Lack of awareness takes sheen off BIS efforts
ALL THAT glitters is gold, at least for a majority of consumers. If statistics are anything to go by, over 99 per cent consumers in Indore take the jeweller?s word on the purity of gold at face value and don?t bother about certification or hallmarking.india Updated: Oct 25, 2006 00:07 IST
ALL THAT glitters is gold, at least for a majority of consumers. If statistics are anything to go by, over 99 per cent consumers in Indore take the jeweller’s word on the purity of gold at face value and don’t bother about certification or hallmarking.
At present, out of over 1,000 gold jewellery shops in the City, only 12 showrooms have got BIS licence to sell hallmarked jewellery. This should come as no surprise except for the fact that Bureau of Indian Standards (BIS) has been creating awareness about hallmarking since past four to five years, and the government has decided to make hallmarking of gold jewellery compulsory from January 1, 2008.
Hallmarking signifies that gold articles have been evaluated and tested at an official assaying centre, and the articles bear a serial number indicating the caratage.
Indore Chandi Sona Jawaharat Vyapari Association President Hukum Chand Soni attributes the reluctance of traders to sell hallmarked jewellery to high input costs and associated risks. “Small and medium jewellers are reluctant to fish out Rs 20,000 per year as licence fees. Moreover, there is no authorised testing centre in Madhya Pradesh and traders will have to send the jewellery to Mumbai or Delhi for certification, which means more expense and a great deal of risk.”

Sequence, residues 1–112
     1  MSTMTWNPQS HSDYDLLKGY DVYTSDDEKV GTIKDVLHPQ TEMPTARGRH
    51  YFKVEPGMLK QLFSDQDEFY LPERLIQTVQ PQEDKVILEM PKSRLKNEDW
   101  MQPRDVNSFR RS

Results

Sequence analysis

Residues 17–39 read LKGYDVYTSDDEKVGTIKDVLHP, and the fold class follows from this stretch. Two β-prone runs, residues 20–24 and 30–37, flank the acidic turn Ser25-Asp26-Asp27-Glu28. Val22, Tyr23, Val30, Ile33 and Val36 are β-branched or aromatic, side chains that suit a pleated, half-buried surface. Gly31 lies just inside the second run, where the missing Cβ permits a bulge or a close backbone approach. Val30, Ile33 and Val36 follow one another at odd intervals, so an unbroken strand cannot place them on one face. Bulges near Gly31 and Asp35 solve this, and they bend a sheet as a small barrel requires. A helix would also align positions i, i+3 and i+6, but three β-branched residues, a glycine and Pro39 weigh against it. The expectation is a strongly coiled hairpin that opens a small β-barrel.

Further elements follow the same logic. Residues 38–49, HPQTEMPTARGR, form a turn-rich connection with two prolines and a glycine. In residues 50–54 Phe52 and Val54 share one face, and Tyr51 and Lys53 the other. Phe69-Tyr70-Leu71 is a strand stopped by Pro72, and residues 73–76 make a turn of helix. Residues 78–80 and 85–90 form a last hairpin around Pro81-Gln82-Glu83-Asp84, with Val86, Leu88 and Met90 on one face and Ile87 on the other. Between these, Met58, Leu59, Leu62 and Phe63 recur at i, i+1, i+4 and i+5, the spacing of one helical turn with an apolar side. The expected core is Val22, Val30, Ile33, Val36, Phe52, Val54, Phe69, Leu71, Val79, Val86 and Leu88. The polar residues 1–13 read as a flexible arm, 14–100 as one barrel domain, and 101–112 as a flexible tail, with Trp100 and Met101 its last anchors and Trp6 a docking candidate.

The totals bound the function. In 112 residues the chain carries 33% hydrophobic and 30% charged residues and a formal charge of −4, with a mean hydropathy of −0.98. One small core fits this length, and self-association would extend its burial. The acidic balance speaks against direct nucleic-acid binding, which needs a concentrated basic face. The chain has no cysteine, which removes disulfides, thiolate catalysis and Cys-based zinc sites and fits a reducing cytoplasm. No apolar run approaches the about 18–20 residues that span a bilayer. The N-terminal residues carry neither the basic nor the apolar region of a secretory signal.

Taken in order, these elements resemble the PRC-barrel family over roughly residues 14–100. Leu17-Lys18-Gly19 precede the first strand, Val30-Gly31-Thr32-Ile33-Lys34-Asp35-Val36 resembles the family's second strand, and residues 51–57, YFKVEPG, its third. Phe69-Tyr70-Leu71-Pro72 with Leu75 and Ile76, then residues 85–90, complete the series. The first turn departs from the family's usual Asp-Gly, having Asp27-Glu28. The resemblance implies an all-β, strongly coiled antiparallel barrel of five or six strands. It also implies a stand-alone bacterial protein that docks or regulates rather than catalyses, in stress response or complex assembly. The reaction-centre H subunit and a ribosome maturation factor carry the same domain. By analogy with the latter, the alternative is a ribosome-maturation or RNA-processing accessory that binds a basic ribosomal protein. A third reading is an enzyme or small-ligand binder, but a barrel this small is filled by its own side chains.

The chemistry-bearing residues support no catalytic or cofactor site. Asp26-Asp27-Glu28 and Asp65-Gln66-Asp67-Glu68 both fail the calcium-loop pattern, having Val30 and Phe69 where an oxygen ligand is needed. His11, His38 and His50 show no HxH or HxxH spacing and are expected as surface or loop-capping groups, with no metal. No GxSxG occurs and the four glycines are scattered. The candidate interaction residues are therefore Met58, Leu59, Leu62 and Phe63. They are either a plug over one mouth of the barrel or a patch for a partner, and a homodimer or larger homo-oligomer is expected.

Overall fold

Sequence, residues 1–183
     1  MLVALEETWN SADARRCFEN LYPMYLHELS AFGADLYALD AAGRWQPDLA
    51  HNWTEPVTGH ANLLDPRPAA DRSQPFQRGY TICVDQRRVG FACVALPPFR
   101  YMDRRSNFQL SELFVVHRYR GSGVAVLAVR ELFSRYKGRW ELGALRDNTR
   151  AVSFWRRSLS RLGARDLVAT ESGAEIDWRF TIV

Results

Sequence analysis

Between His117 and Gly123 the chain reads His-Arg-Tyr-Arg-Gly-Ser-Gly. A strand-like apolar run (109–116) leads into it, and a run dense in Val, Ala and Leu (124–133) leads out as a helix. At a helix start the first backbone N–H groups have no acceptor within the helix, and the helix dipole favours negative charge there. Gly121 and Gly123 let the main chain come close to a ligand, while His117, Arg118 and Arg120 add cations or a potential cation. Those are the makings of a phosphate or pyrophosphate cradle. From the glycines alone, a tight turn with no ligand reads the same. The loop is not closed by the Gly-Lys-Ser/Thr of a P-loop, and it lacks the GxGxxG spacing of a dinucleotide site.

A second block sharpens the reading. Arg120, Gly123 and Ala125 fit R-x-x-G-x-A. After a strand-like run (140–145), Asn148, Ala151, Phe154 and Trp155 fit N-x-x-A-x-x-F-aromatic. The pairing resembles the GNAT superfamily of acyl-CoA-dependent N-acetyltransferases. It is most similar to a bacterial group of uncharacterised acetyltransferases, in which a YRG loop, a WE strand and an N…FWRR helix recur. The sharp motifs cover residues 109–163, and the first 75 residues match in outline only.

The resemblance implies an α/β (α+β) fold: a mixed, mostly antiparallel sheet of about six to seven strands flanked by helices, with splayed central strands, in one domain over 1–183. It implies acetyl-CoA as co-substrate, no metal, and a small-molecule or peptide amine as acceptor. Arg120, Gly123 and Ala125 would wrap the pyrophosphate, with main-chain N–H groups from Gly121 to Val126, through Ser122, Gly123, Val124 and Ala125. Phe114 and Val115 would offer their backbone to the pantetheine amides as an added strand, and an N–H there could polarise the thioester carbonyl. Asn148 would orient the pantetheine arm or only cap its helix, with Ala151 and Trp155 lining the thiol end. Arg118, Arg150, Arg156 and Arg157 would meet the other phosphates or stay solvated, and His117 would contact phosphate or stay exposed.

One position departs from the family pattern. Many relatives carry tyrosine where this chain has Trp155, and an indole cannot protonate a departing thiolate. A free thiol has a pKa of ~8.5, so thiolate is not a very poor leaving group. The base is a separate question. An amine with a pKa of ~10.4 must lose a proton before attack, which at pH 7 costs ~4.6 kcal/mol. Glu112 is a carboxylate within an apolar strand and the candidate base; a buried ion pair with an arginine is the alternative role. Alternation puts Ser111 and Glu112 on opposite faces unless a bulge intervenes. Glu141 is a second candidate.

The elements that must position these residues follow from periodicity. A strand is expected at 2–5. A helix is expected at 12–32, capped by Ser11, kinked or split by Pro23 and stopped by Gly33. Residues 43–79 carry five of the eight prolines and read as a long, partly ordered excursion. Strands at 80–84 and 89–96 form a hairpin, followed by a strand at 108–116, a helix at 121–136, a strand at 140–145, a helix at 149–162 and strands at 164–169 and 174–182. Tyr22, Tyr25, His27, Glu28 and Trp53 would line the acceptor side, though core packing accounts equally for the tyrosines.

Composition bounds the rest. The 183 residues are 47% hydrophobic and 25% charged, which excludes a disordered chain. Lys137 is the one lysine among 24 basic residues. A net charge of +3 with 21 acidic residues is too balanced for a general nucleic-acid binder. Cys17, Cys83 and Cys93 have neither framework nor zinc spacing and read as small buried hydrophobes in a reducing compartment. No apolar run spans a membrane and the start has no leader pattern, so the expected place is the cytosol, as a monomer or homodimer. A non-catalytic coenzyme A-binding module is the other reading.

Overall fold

The latter problem would be solved soon, as BIS is about to authorise Indore-based Choksi Laboratories to hallmark silver and gold jewellery. Sources say the final clearance could come as early as first week of November.
“The problem is lack of awareness among the buyers,” says Sumeet Anand of Punjabi Saraf, one of the BIS-certified showrooms in the City. “It is strange that when people buy property they demand proper documentation, but the same people buy gold on blind faith.” When asked about rise in input costs of certified jewellery, Anand said they had reduced the margins to stay competitive.
Jewellers who have gone for hallmarking believe that once public becomes more aware, the increase in sales volume of certified jewellery would more than compensate for low margins and when the hallmarking becomes mandatory they could compete on a level playing field.
The BIS on its part is not sitting idle. “We have launched awareness drive on a national level including advertisements in electronic and print media,” says BIS, Bhopal, head Dr A P Chandra Rao. “We also hold seminars for jewellers from time to time to explain them the benefits of hallmarking.”
Soni, however, feels that hallmarking doesn’t prevent unscrupulous elements from selling under-carated jewellery. “There are reports from some quarters about corruption in the laboratories authorised by BIS. Jewellers in collusion with the staff manage to get authentication for substandard jewellery,” he alleged.
Refuting the charge, Dr Rao said they had not come across any such incident in the country. “These allegations are made by people who want to avoid hallmarking due to obvious reasons. We draw market samples regularly to keep tabs on all the certified showrooms,” he said.
As with any change, there is resistance, but it seems that hallmarked jewellery is here to stay. Now, perhaps, all that glitters will be gold.